Hearing loss is on the rise, and research shows us that this has implications for our overall health.
There is a common misconception that hearing loss is just a natural part of aging. The reality is that it’s a public health problem that impacts all age groups, and it’s on the rise.
It’s a measurable fact, that the world is getting louder, exposing us to hazardous levels of noise that can cause noise-induced hearing loss. According to the WHO (World Health Organization) nearly 2.5 billion people worldwide – one in four – will be living with some degree of hearing loss by 2050.
Excessive Noise is Not Good For Us
Noise pollution is an undesirable sound or a sound that generates discomfort on the ears. It is measured in decibels (dB), and sound levels beyond 100 dB can cause permanent hearing loss.
Studies have shown that noise exposure creates annoyance, disrupts our sleep, impairs cognitive performance in school children and even increases the occurrence of hypertension and cardiovascular disease. Constant exposure to loud noises can damage eardrums and cause loss of hearing.
Examples of noise levels that can be dangerous:
- Among young people, hearing loss is associated with unsafe use of audio devices and exposure to damaging sound levels at nightclubs, concerts, and sporting events.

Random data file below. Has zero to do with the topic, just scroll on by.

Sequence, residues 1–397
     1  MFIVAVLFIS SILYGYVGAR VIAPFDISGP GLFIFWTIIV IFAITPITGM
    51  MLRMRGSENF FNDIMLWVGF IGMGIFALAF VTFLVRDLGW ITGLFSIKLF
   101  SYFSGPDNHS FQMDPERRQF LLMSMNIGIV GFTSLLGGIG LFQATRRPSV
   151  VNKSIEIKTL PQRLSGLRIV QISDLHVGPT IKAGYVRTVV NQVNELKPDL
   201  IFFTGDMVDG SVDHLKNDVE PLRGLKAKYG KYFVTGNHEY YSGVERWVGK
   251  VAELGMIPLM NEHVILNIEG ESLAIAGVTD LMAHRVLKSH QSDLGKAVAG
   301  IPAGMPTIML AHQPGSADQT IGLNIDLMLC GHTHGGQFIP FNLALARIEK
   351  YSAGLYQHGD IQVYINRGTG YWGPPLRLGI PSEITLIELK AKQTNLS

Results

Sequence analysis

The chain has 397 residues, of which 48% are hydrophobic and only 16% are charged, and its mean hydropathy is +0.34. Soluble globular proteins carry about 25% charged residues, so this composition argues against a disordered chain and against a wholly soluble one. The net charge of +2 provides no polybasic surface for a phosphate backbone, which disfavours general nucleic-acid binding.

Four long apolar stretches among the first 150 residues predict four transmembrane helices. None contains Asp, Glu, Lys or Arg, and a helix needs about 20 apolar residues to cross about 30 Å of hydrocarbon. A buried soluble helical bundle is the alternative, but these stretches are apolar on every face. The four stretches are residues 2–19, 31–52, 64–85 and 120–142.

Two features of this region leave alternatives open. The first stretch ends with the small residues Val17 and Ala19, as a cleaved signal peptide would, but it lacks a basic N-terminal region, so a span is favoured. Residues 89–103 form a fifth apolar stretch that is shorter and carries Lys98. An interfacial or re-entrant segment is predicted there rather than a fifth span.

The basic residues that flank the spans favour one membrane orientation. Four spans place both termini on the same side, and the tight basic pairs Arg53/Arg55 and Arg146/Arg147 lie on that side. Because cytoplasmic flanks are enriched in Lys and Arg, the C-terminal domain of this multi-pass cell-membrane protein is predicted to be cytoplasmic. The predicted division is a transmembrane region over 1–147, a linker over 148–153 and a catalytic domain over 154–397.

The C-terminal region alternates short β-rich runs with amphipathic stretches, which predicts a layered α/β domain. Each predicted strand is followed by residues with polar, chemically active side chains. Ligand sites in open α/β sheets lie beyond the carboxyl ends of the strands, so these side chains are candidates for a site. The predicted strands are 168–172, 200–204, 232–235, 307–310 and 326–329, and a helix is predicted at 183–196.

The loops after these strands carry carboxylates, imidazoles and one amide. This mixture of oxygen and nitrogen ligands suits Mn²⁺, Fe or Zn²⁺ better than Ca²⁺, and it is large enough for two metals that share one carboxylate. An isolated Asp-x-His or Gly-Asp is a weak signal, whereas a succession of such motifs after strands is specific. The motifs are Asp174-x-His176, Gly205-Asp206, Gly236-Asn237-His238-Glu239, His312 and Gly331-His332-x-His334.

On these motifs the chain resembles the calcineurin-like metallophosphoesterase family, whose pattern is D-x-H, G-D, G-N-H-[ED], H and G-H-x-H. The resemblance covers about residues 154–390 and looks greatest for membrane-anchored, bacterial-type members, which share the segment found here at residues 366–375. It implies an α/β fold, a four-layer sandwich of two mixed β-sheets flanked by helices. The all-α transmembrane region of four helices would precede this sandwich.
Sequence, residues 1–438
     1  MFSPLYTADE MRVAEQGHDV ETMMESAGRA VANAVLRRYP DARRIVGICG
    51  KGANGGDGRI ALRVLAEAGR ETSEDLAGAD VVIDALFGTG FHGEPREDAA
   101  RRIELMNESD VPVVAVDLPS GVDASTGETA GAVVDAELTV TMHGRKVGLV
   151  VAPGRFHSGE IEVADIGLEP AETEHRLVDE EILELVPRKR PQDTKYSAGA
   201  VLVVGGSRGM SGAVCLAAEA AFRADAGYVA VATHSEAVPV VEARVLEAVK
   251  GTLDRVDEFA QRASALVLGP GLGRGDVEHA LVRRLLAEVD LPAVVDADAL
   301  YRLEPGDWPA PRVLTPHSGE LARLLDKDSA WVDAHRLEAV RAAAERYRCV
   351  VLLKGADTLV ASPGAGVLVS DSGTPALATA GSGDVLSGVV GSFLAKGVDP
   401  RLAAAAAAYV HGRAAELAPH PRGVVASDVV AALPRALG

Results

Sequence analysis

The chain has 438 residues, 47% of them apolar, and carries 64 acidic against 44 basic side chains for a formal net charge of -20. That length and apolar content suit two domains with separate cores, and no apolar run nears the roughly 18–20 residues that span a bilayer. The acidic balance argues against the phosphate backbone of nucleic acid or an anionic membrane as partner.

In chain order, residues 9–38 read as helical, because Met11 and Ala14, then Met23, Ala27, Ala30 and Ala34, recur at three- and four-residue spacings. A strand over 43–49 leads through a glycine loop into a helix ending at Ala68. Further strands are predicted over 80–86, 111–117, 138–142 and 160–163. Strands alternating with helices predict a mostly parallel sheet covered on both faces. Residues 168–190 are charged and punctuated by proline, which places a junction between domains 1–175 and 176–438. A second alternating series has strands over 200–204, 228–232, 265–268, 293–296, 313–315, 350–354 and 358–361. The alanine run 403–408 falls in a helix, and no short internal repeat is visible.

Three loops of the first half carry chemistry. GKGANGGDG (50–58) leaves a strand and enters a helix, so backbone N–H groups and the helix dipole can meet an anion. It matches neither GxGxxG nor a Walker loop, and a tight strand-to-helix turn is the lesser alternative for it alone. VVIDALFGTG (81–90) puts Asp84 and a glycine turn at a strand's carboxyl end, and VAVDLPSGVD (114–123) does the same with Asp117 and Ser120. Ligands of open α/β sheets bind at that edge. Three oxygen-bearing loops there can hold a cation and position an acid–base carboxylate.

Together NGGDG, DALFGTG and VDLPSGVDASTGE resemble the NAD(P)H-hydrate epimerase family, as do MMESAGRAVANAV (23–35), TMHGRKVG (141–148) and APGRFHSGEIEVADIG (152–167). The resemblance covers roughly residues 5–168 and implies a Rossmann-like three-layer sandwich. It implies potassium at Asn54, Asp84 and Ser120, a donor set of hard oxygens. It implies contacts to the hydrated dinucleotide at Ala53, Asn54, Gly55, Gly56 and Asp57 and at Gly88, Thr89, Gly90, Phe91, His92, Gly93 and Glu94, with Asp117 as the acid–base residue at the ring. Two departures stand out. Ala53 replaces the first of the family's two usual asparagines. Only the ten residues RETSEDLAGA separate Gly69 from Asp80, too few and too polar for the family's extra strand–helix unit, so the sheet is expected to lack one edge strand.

- There are a number of industries where employees can experience high levels of noise:
- Aerospace, where flight crews can endure noise levels of up to 130dB during takeoff.
- Farmers rank among the top three occupations and industries with the highest risk for hearing loss.
- Ambulance drivers are exposed to sirens. At close range a siren is 120db which is loud enough to feel ear pain instantly.
Hearing Loss and Your Overall Health
Our ability to hear is priceless. Untreated hearing loss can have a devastating impact on a person’s life. Conditions that can develop from hearing loss include:
- Clinical depression.
- Dementia, including Alzheimer’s disease, and other types of cognitive decline.
- Falls and associated injuries, which can be fatal in the elderly.
Patients with untreated hearing loss also have poorer healthcare outcomes overall, possibly because healthcare providers have difficulty communicating effectively with them due to poor hearing.
Steps to Prevent Noise-Induced Hearing Loss
Noise induced hearing loss can often be prevented. As a society, we have begun to recognize the effects of repetitive loud noises and have come up with some ways to combat it:
- Turn off your TV and computer at home and at the office. The use of television, games and computers can create stress on our ears.
- Use earplugs to keep loud noises at a manageable level. This can be especially helpful to workers in industrial and construction jobs, where noise levels tend to be higher.
- Turn down the volume when listening to music or the television.
- Plant more trees! Studies have shown that they absorb noise and can reduce levels by 5 to 10 decibels in the areas around them.
- Properly maintain and lubricate machinery to reduce noise vibrations and improve efficiency. By reducing the friction of movable parts, we can help reduce the noise.
- Establish a quiet area where you can go to get away from noise.
Need Help? Contact Us Today!
If you think your hearing is declining or if you work in a noisy environment, it may be time to schedule a hearing assessment. Our hearing care professionals at Anderson Audiology are here to assist you with your hearing health.
If you’d like to discuss further, come in and meet the team at Anderson Audiology. Call us today on 702-997-2964. Alternatively, click here to request an appointment online.